REVIEW: The Baron and the Lady Chemist by Alissa Baxter
Their chemistry creates a chain reaction . . . but will love be the final result?
Dorothea Grantham has always been fascinated by chemistry and spends most days conducting experiments in her laboratory at Grantham Place, staining silk with gold, silver, and other metals using chemical processes.
Thea embroiders the beautiful gold and silver silk shawls she creates and enjoys wearing them, but her grandmother, Lady Longmore, advises her not to reveal to anyone outside the family circle that she has created the fashion items herself, concerned her granddaughter might be seen as an oddity.
When Thea enters Society, her shawls attract a great deal of attention and become the talk of the town. James, Lord Castleroy, takes a particular interest in her work, having inherited a share in his grandfather’s silk mill in Macclesfield.
Eager to invest in the ailing silk industry, the baron studies Miss Grantham’s silks with an admiring—and increasingly suspicious—eye, believing the fabrics to be smuggled imported silk. As he spends more time with the enterprising young lady, however, his interest in her quickly extends beyond his business affairs to engulf his guarded heart.
But Lord Castleroy isn’t the only person in London interested in Thea’s exquisite creations. And when a silken web of intrigue entangles her in real danger, Thea must trust the devotion of a man she never expected—or intended—to fall in love with.
Dear Ms. Baxter
When reading the blurb, what caught my eye and my interest is the fact that heroine Thea isn’t just a dilettante about chemistry – no, she is making practical use of her interest and talent in the field. True, some of her family members aren’t thrilled with her interest and try to keep what she does hushed up because they don’t want the ton to think Thea is weird but her love of the science isn’t merely a soon-dropped hook to get readers to try the book.
Thea and James’s first meeting isn’t the best but thankfully Thea isn’t made out to be an awkward, stumbling idiot. The fire is doused and all’s well. No, James’s interest in Thea initially appears to be due to what Thea’s wearing rather than the way they met. Thea dyes and then beautifully embroiders silk and she does it with her chemical knowledge. James has a reason to be concerned about what he sees as his mother’s father owns a silk mill in England and times are hard. English silk makers are still not in the same league with those on the European continent or India, contraband importation is rampant, the Crown is losing revenue, and English silkweavers are on the ropes.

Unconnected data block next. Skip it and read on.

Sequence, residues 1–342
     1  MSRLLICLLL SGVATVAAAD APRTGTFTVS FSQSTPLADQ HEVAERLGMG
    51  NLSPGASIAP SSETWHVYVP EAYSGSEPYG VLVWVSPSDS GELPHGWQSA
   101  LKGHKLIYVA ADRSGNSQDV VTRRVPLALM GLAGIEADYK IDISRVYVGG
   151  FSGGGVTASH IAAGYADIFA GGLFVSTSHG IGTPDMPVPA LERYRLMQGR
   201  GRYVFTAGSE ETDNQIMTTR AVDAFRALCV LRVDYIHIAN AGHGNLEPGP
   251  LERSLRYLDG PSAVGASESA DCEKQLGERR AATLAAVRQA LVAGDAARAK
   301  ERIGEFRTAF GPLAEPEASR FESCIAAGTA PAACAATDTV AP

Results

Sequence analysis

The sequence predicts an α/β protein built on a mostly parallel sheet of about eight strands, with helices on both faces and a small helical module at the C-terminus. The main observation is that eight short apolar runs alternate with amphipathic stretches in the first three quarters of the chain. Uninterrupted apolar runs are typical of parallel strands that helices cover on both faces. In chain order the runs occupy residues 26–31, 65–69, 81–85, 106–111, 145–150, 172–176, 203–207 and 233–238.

When he learns what is behind the beautiful shawls Thea wears, James has another proposition. He wants to patent her chemical process and use it to create silk at his grandfather’s mill thus helping the destitute workers. Thea comes back at James and says the process isn’t hers but that of a female chemist and if that woman is alive, James needs to get her permission. But the shawls and other items Thea has created have attracted the attention of others and some of them will go to any lengths to control or end what she’s doing.
Thea is a bluestocking but the societal interest in the science lectures in London make this acceptable and even fashionable which is a welcome change in my reading. Several men, our hero included, think nothing of taking their sisters, sweethearts, and family to these events. Thea’s interest in chemistry might not be seen as too odd but what she does with it? Yeah, that could smack of (gasp) trade. James is a Baron but his mother was married for her trade dowry and this caused James some issues at Eton. Luckily James and the hero from the previous book in the series (which it isn’t necessary to read before this one) became fast friends.
This is mainly a character centered book and I love the fast friendship that Thea and James’s sister Anne develop. James also carefully helps Thea with some issues of PTSD (not referred to that way, of course) which are the result of a horrible event
It’s refreshing that Thea is the one initially unconvinced of seeking a Grand Passion in marriage. Her parents were deeply in love and Thea saw how the death of her mother shattered her father. Thea wants nothing like that. Even after feelings have started, both James and Thea have moments of introspection and the realization that the needs and wants of the other person must be considered. Just feeling that they’re in love isn’t enough. A final act doubt on the part of one person was a drag but the way the other person convinces the doubter of their sincerity is sweet.
The tidbits and information about the silk industry are interesting and don’t come across as too much like a history lesson. They’re also important to the story rather than merely being stuffed into the book to show off research. What disappointed me is a penultimate act that too closely mirrors the first book which can only take place because Thea loses any hint of her intelligence. And also how the heroine’s grandmother reacts. No, This Person in book one didn’t abduct your eldest granddaughter because he loves her so why should you briefly think this time would feature a besotted swain?? Sigh …
I liked many aspects of this book but caution readers that it is definitely slow burn and no sex. But it does have a STEM heroine whose passion is actually pertinent to the plot and a lovely, gentle hero willing to gently woo her. I’m just going to forget the whole bit at the end that annoys me and give this one a B